WorldWideScience

Sample records for antiperspirants

  1. Segmentation of antiperspirants and deodorants

    OpenAIRE

    Král, Tomáš

    2009-01-01

    The goal of Master's Thesis on topic Segmentation of antiperspirants and deodorants is to discover differences in consumer's behaviour, determinate and describe segments of consumers based on these differences and propose marketing strategy for the most attractive segments. Theoretical part describes market segmentation in general, process of segmentation and segmentation criteria. Analytic part characterizes Czech market of antiperspirants and deodorants, analyzes ACNielsen market data and d...

  2. Aluminium, antiperspirants and breast cancer.

    Science.gov (United States)

    Darbre, P D

    2005-09-01

    Aluminium salts are used as the active antiperspirant agent in underarm cosmetics, but the effects of widespread, long term and increasing use remain unknown, especially in relation to the breast, which is a local area of application. Clinical studies showing a disproportionately high incidence of breast cancer in the upper outer quadrant of the breast together with reports of genomic instability in outer quadrants of the breast provide supporting evidence for a role for locally applied cosmetic chemicals in the development of breast cancer. Aluminium is known to have a genotoxic profile, capable of causing both DNA alterations and epigenetic effects, and this would be consistent with a potential role in breast cancer if such effects occurred in breast cells. Oestrogen is a well established influence in breast cancer and its action, dependent on intracellular receptors which function as ligand-activated zinc finger transcription factors, suggests one possible point of interference from aluminium. Results reported here demonstrate that aluminium in the form of aluminium chloride or aluminium chlorhydrate can interfere with the function of oestrogen receptors of MCF7 human breast cancer cells both in terms of ligand binding and in terms of oestrogen-regulated reporter gene expression. This adds aluminium to the increasing list of metals capable of interfering with oestrogen action and termed metalloestrogens. Further studies are now needed to identify the molecular basis of this action, the longer term effects of aluminium exposure and whether aluminium can cause aberrations to other signalling pathways in breast cells. Given the wide exposure of the human population to antiperspirants, it will be important to establish dermal absorption in the local area of the breast and whether long term low level absorption could play a role in the increasing incidence of breast cancer. PMID:16045991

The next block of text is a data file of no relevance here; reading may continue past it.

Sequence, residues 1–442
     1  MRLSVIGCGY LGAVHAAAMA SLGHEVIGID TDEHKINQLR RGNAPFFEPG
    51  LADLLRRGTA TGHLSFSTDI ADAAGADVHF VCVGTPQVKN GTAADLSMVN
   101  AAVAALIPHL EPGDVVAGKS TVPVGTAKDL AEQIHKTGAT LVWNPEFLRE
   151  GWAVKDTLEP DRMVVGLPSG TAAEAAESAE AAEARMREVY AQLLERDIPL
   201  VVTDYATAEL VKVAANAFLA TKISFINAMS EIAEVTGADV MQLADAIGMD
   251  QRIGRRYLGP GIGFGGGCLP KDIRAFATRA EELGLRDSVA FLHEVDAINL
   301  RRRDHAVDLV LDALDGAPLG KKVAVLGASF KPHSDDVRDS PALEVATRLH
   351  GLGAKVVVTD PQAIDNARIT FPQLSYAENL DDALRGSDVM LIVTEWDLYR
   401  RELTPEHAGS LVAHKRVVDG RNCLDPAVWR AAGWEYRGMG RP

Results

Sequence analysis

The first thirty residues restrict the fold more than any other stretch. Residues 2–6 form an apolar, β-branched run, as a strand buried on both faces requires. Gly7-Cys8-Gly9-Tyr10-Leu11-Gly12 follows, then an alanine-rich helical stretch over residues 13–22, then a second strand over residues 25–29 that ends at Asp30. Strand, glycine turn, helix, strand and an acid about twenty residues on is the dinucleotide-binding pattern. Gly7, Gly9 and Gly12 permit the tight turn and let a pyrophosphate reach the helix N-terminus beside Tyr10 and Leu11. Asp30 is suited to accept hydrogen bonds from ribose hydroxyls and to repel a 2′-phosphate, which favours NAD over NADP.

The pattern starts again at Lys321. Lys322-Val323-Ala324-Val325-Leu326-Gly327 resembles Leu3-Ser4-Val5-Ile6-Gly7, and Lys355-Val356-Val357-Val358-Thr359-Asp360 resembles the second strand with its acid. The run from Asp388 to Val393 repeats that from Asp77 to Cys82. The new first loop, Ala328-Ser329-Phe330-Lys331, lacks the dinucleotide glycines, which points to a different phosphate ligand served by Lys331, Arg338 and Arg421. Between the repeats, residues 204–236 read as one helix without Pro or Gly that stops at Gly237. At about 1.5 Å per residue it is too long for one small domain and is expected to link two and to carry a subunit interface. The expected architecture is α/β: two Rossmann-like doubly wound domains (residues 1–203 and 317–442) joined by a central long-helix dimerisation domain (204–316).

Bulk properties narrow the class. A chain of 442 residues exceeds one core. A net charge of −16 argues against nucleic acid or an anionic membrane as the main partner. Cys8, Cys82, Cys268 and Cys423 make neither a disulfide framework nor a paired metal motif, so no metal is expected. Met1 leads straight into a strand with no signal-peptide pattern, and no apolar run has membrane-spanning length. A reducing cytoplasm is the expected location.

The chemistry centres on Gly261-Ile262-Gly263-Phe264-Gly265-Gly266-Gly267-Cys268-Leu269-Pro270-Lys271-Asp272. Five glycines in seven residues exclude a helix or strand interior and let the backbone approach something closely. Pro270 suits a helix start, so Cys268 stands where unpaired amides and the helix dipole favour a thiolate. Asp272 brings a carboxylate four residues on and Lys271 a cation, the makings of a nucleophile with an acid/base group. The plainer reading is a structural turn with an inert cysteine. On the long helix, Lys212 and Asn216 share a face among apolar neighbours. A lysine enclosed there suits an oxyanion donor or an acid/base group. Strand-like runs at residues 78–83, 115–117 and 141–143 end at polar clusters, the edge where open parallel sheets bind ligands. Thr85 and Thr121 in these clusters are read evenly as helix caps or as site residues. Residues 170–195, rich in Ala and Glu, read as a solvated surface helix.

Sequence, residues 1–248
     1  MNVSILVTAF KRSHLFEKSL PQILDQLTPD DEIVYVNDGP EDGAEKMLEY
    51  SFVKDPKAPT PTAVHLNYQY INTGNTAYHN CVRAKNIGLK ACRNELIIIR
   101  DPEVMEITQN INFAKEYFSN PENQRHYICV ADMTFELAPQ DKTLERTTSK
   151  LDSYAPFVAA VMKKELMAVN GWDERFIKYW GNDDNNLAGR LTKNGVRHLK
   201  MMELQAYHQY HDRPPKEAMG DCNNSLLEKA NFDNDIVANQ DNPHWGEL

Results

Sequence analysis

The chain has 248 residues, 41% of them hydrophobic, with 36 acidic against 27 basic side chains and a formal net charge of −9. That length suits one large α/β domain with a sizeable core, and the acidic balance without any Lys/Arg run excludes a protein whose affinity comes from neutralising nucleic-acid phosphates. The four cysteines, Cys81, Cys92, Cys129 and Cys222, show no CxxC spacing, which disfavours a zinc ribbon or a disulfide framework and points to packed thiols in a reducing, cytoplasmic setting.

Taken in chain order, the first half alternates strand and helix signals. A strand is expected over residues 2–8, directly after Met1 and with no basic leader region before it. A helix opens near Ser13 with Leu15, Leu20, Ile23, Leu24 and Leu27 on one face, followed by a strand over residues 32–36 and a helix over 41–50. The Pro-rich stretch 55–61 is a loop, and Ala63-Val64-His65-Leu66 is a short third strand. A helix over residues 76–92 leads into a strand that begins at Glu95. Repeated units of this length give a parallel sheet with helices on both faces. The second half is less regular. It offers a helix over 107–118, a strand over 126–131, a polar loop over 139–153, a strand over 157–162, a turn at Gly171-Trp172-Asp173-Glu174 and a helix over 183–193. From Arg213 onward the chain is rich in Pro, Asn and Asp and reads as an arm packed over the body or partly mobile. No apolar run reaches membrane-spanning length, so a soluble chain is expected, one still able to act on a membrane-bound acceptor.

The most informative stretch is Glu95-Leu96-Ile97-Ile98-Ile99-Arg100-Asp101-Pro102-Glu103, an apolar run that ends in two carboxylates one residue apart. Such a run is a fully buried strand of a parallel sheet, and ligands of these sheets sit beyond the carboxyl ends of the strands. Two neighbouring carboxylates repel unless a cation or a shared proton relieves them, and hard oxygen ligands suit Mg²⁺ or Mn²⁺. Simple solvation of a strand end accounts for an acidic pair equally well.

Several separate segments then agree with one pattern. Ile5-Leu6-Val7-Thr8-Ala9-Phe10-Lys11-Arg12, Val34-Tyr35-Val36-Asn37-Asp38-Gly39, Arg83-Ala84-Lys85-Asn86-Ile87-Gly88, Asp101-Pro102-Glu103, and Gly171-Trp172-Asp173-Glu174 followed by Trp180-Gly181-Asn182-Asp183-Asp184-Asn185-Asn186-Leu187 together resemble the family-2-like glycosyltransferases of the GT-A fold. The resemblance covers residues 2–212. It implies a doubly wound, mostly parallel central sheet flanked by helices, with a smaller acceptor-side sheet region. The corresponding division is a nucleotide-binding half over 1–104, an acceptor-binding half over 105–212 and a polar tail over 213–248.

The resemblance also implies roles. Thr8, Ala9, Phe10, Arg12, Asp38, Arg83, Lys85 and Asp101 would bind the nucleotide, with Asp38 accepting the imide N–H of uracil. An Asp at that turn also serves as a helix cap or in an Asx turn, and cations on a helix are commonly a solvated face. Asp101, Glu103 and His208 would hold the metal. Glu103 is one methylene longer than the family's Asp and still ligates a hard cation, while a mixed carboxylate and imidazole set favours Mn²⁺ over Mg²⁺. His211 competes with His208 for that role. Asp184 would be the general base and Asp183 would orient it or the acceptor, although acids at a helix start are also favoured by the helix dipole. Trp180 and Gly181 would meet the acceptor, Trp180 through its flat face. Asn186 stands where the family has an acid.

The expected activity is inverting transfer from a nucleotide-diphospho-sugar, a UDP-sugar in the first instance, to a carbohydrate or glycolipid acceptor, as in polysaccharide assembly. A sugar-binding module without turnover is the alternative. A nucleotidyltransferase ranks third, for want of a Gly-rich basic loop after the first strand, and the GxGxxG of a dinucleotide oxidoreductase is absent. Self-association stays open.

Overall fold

3. Deodorants and antiperspirants affect the axillary bacterial community.

    Science.gov (United States)

    Callewaert, Chris; Hutapea, Prawira; Van de Wiele, Tom; Boon, Nico

    2014-10-01